The other day when I got off work, I stopped at the newest disc golf course in the Tupelo, MS area called Music Bend. It’s cut out of the brush growing next to a large creek, inside an area defined by a walking trail name Music Bend Nature Trail. It opened for play last November at the TDGA mini on a Sunday afternoon. I had played the first four holes of the course a few times, but never gone past that for unknown reasons. I finally played the back 13 holes, with one disc. A Dynamic Discs Classic Warden.
Having walked the first couple of holes looking to see if any discs were visible as the vines and brush thinned with the coming of fall, I started on hole 6. Not really intending to play the rest of the course, but to just throw the Classic Warden I had gotten the day before, Music Bend became my test bed. Fortunately, the holes are mostly short, though I don’t know all the distances at the moment since tee signs are still forthcoming. Throwing forehands, I bounced around the holes taking mostly par with a few bogeys thrown in the mix.
I messed myself up on a lot of tee shots during that round. During my evening of field work a week or so prior, the forehand throw I’ve come to use was reworked. Shortening my run-up to just two steps, I was able to throw with more consistency and reliability. The discs came out flatter and flew more true to their designed flight than I would normally see. Having not used this revamped form for most of the holes, I remembered to use it on Hole 17. Granted, I wasn’t really playing to practice the course or any throws, it still irked me that I didn’t use my new form until I thought about throwing well.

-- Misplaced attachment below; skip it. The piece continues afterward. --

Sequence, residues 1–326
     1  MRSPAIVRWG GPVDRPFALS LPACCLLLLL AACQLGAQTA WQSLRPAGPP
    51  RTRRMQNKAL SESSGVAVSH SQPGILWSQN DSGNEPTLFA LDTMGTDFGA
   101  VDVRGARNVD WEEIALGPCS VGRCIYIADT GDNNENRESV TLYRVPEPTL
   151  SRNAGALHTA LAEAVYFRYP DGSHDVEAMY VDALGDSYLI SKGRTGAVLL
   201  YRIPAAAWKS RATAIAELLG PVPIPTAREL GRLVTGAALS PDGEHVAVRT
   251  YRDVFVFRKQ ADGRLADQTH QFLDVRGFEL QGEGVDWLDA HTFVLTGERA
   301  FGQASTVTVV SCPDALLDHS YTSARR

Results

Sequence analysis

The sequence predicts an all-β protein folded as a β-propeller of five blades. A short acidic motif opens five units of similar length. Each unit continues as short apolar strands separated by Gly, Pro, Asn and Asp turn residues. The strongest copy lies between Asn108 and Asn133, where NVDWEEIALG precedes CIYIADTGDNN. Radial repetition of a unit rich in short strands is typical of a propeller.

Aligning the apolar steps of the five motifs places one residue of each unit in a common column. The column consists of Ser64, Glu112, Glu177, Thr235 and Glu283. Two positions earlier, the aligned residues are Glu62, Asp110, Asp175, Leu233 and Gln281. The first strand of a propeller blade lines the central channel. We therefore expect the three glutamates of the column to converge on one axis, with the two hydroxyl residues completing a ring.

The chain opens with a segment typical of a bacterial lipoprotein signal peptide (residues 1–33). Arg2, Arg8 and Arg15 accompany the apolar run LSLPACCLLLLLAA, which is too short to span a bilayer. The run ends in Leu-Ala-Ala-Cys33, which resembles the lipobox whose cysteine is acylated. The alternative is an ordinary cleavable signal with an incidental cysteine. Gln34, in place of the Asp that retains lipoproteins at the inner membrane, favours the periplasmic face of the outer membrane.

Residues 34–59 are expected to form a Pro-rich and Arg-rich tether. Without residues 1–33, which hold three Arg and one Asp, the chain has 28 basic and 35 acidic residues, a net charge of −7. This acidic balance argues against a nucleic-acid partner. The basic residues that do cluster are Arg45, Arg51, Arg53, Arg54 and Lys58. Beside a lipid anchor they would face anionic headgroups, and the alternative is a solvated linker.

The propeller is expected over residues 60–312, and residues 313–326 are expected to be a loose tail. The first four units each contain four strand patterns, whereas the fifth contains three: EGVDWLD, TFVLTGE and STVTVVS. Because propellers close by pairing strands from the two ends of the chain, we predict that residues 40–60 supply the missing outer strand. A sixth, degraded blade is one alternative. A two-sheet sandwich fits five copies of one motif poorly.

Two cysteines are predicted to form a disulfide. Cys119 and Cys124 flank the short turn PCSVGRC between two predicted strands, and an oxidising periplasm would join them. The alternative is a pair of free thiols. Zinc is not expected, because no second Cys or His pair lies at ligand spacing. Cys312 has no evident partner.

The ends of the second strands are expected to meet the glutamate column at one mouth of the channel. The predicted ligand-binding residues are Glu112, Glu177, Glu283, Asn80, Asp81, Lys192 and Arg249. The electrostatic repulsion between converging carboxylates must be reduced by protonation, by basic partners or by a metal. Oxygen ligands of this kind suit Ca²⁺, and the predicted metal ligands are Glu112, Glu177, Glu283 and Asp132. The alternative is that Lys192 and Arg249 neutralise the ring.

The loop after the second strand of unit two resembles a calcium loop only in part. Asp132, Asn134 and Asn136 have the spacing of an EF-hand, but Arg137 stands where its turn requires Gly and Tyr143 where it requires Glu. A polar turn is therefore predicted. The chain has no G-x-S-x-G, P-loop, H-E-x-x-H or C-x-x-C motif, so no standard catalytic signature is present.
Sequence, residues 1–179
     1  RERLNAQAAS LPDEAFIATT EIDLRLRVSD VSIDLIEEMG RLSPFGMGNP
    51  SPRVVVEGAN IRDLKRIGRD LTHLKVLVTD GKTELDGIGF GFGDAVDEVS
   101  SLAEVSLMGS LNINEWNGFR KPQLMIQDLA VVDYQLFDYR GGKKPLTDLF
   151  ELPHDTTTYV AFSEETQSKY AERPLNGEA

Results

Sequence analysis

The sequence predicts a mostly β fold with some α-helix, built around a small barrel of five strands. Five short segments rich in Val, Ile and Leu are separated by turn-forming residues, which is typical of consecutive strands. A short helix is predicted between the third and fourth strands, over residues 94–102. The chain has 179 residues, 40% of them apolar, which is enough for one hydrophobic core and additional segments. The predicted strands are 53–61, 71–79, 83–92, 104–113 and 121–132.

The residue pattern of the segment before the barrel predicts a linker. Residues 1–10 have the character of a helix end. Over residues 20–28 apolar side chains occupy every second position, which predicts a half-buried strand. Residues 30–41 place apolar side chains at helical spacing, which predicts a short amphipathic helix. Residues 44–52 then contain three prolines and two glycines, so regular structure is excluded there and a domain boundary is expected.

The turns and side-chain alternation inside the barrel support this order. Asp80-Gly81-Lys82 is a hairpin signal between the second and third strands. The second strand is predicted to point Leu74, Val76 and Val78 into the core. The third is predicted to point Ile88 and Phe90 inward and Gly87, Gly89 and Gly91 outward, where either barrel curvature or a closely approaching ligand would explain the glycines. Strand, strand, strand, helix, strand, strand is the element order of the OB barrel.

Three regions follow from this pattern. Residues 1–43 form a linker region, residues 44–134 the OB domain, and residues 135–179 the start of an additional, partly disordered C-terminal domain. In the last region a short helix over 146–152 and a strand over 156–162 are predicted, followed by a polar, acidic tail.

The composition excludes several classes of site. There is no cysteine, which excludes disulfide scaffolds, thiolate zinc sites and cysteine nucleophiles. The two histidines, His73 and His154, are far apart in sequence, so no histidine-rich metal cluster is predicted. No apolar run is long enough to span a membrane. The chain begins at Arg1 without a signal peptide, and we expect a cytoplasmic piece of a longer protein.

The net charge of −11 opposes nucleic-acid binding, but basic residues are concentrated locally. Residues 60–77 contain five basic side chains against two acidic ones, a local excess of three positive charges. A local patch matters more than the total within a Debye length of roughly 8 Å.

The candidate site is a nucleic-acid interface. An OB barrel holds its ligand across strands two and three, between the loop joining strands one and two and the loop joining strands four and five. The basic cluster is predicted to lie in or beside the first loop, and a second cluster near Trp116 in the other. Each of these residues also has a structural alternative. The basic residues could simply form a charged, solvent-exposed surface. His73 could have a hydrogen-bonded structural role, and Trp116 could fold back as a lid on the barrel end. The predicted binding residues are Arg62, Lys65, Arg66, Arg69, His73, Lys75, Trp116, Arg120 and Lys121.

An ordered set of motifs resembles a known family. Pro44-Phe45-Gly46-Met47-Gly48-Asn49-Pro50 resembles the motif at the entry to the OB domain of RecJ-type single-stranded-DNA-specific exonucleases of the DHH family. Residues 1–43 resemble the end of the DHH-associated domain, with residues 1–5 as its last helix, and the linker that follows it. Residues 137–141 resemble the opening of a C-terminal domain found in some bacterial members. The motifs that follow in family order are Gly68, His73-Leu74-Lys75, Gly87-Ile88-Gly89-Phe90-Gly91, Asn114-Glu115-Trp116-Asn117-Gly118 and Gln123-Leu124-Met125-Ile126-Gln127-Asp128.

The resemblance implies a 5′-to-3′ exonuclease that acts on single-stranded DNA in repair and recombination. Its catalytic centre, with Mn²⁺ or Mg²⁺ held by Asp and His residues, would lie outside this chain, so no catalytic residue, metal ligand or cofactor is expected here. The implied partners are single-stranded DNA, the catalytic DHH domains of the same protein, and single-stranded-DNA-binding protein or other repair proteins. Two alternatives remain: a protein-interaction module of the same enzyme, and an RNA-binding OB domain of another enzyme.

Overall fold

Using that one putter though, made a real difference in my shots. While just throwing my normal forehand, I was only making it 100-150 feet down the fairways. Since I was learning the rest of the course for the first time, I wasn’t concerned about my distance. It did, however, make me think about where not to throw the disc. Other wooded courses I’ve played offered at least some decent recovery shots when my disc flew errant. Music Bend was a different story. Not having a ton of large trees, but mostly small diameter ones with thick brush on each side of the fairways making errant shots a trip to jail. I became more concerned with putting my shots in the fairway rather than trying to throw it as far as I could.
Watching video of the recent 2015 Hall of Fame Classic, Michael Johansen threaded the trees throughout the whole weekend. Tim over at Mind Body Disc mentions this in his latest post about course management. Reading that post really enforced what I did out at Music Bend. I managed the course with that Warden putter. Never taking a 100% shot, but throwing it where I would have a decent chance to advance down the fairway, I fared well in my mind. I wasn’t keeping score on paper or on my phone, but the running tally in my head put me at around +5 over those 13 or so holes.
Thanks to MS paint, here is a rough sketch of the hole. Before the turn in the hole, it chokes down somewhat to a narrower fairway and everything on the right side is thick brush. My drive ended up just 4-5 feet from the thick stuff before the sharp curve to the basket. As I looked to the basket, I would have needed a meat hook forehand or anhyzer to reach the basket. Being able to see the basket through the brush, and being no more than 75-90 feet from it, I decided to tomahawk my Warden over the brush, which was pretty tall. Luckily, I ended up less than 20 feet from the basket, which I banged in for a par.
During this joyful round, concerned with nothing more than learning the course, course management came into play quite often. Keeping myself out of trouble and in the fairways was a challenge, especially with only one disc. Having never played a one disc round, it was enlightening. Disc choice played a big role in my scoring. And I swear that Mind Body Disc and I do not collaborate on our blog posts at all. I played my round before his blog post was published. Coincidence has one disc wondering….